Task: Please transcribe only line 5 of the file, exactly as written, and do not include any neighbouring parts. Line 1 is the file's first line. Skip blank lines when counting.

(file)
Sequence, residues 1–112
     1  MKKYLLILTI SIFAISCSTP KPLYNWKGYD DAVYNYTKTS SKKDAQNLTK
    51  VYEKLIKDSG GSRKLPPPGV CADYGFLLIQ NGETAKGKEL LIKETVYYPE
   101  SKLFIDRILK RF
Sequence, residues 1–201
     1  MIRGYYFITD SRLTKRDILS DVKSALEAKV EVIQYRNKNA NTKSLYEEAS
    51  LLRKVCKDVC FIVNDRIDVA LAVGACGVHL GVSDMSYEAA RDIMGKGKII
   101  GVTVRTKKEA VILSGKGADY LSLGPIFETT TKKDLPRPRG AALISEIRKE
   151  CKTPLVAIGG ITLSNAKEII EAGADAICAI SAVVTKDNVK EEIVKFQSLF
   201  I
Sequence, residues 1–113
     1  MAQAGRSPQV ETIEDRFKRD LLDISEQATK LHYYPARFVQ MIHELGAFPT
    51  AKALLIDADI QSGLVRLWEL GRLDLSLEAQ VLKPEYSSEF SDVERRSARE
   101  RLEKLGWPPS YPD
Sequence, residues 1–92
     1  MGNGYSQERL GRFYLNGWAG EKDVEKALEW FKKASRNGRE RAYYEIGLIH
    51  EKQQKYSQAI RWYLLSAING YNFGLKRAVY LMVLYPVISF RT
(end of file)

Sequence, residues 1–201